|BAGCHI, SUMANTA - Texas A&M University
|BRISKE, DAVID - Texas A&M University
|WU, X. BEN - Texas A&M University
Submitted to: Journal of Applied Ecology
Publication Type: Peer Reviewed Journal
Publication Acceptance Date: 6/12/2013
Publication Date: 9/1/2013
Publication URL: https://handle.nal.usda.gov/10113/57940
Citation: Bagchi, S., Briske, D.D., Bestelmeyer, B.T., Wu, X. 2013. Assessing resilience and state-transition models with historical records of cheatgrass Bromus tectorum invasion in North American sagebrush-steppe. Journal of Applied Ecology. 50:1131-1141.
Interpretive Summary: We analysed long-term vegetation records from two representative sites in the North American sagebrush-steppe ecosystem, spanning nine decades, to determine if empirical patterns were consistent with resilience theory, and to determine if cheatgrass Bromus tectorum invasion led to thresholds as currently envisioned by expert-based state-and-transition models. The results illustrate the complexities associated with threshold identification, and indicate that criteria describing the frequency, magnitude, directionality and temporal scale of transitions may provide greater insights for ecosystem management.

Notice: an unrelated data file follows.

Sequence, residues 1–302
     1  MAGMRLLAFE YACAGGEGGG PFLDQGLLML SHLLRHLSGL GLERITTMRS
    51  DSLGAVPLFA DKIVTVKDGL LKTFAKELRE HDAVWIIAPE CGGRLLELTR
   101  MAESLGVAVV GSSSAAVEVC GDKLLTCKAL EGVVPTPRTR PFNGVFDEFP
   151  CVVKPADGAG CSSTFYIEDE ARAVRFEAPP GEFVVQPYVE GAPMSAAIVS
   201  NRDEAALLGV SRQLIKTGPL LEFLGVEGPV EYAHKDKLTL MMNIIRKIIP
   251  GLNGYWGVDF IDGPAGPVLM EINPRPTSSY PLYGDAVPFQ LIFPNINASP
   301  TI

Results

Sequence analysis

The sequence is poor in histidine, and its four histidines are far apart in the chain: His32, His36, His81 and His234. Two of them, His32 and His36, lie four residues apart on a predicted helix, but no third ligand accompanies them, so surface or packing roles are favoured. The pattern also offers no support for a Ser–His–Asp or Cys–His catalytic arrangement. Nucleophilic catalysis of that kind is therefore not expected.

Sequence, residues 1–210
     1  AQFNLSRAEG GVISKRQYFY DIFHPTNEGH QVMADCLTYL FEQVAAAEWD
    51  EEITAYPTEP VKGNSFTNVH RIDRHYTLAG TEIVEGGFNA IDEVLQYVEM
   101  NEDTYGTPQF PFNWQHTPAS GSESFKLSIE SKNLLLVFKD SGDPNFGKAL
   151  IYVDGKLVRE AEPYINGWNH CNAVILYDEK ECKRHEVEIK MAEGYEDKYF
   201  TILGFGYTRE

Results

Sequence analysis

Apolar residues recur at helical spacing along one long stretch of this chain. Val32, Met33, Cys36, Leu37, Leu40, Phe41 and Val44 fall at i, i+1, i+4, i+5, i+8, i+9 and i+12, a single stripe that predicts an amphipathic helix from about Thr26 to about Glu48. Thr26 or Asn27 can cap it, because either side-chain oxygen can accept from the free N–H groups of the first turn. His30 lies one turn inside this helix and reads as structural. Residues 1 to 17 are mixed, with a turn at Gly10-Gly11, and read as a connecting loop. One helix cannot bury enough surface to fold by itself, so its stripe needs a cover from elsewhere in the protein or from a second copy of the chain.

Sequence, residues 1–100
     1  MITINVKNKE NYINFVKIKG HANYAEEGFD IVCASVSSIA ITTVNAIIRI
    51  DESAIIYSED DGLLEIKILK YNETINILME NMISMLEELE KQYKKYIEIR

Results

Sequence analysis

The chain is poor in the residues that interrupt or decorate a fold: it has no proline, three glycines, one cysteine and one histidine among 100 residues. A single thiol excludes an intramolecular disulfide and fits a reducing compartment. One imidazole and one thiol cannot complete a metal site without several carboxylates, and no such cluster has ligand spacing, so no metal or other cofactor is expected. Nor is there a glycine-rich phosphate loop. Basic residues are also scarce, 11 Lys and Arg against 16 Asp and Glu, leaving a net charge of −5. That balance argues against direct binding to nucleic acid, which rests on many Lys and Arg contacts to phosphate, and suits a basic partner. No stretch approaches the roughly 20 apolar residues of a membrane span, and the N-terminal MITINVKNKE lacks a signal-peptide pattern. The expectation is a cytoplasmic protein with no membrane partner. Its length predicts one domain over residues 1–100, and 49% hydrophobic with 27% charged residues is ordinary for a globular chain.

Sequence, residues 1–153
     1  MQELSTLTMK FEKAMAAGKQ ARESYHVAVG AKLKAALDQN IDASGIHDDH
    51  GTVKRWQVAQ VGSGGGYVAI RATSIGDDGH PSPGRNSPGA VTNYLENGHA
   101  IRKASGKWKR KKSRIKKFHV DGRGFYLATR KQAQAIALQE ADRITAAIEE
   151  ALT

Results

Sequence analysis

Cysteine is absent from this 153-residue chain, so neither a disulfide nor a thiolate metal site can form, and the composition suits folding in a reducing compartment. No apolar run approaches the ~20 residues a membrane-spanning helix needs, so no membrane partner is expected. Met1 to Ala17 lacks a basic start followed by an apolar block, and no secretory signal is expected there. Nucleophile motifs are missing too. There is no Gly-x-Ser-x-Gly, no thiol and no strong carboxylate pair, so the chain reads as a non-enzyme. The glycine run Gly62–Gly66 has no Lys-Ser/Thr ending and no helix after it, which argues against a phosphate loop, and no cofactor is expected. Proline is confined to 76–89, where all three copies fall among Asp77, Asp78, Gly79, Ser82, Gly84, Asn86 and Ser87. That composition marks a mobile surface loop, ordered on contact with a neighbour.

Technical Abstract: 1. Resilience-based approaches are increasingly being called upon to inform ecosystem management, particularly in arid and semi-arid regions. This requires management frameworks that can assess ecosystem dynamics, both within and between alternative states, at relevant time scales. 2. We analysed long-term vegetation records from two representative sites in the North American sagebrush-steppe ecosystem, spanning nine decades, to determine if empirical patterns were consistent with resilience theory, and to determine if cheatgrass Bromus tectorum invasion led to thresholds as currently invisioned by expert-based state-and-transition models (STM). These data span the entire history of cheatgrass invasion at these sites and provide a unique opportunity to assess the impacts of biotic invasion on ecosystem resilience. 3. We used univariate and multivariate statistical tools to identify unique plant communities and document the magnitude, frequency and directionality of community transitions through time. Community transitions were characterized by 37–47% dissimilarity in species composition, they were not evenly distributed through time, their frequency was not correlated with precipitation, and they could not be readily attributed to fire or grazing. Instead, at both sites, the majority of community transitions occurred within an 8–10 year period of increasing cheatgrass density, became infrequent after cheatgrass density peaked, and thereafter transition frequency declined. 4. Greater cheatgrass density, replacement of native species and indication of asymmetry in community transitions suggest that thresholds may have been exceeded in response to cheat-grass invasion at one site (more arid), but not at the other site (less arid). Asymmetry in the direction of community transitions also identified communities that were ‘at-risk’ of cheat-grass invasion, as well as potential restoration pathways for recovery of pre-invasion states. 5. Synthesis and applications. These results illustrate the complexities associated with thresh-old identification, and indicate that criteria describing the frequency, magnitude, directionality and temporal scale of community transitions may provide greater insight into resilience theory and its application for ecosystem management. These criteria are likely to vary across biogeographic regions that are susceptible to cheatgrass invasion, and necessitate more in-depth assessments of thresholds and alternative states, than currently available.